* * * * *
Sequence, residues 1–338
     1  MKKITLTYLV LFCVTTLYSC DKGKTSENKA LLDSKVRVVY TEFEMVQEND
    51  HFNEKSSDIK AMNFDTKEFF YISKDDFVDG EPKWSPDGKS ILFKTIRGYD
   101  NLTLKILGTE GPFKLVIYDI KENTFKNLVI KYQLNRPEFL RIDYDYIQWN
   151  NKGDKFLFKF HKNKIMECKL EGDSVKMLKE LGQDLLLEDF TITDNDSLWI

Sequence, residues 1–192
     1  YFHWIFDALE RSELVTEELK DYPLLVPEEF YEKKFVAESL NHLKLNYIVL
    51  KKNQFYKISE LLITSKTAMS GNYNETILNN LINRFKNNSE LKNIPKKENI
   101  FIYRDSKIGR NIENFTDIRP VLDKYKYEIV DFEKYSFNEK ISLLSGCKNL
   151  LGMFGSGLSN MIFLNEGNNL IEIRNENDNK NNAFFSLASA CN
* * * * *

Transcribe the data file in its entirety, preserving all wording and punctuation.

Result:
Sequence, residues 1–338
     1  MKKITLTYLV LFCVTTLYSC DKGKTSENKA LLDSKVRVVY TEFEMVQEND
    51  HFNEKSSDIK AMNFDTKEFF YISKDDFVDG EPKWSPDGKS ILFKTIRGYD
   101  NLTLKILGTE GPFKLVIYDI KENTFKNLVI KYQLNRPEFL RIDYDYIQWN
   151  NKGDKFLFKF HKNKIMECKL EGDSVKMLKE LGQDLLLEDF TITDNDSLWI

Sequence, residues 1–192
     1  YFHWIFDALE RSELVTEELK DYPLLVPEEF YEKKFVAESL NHLKLNYIVL
    51  KKNQFYKISE LLITSKTAMS GNYNETILNN LINRFKNNSE LKNIPKKENI
   101  FIYRDSKIGR NIENFTDIRP VLDKYKYEIV DFEKYSFNEK ISLLSGCKNL
   151  LGMFGSGLSN MIFLNEGNNL IEIRNENDNK NNAFFSLASA CN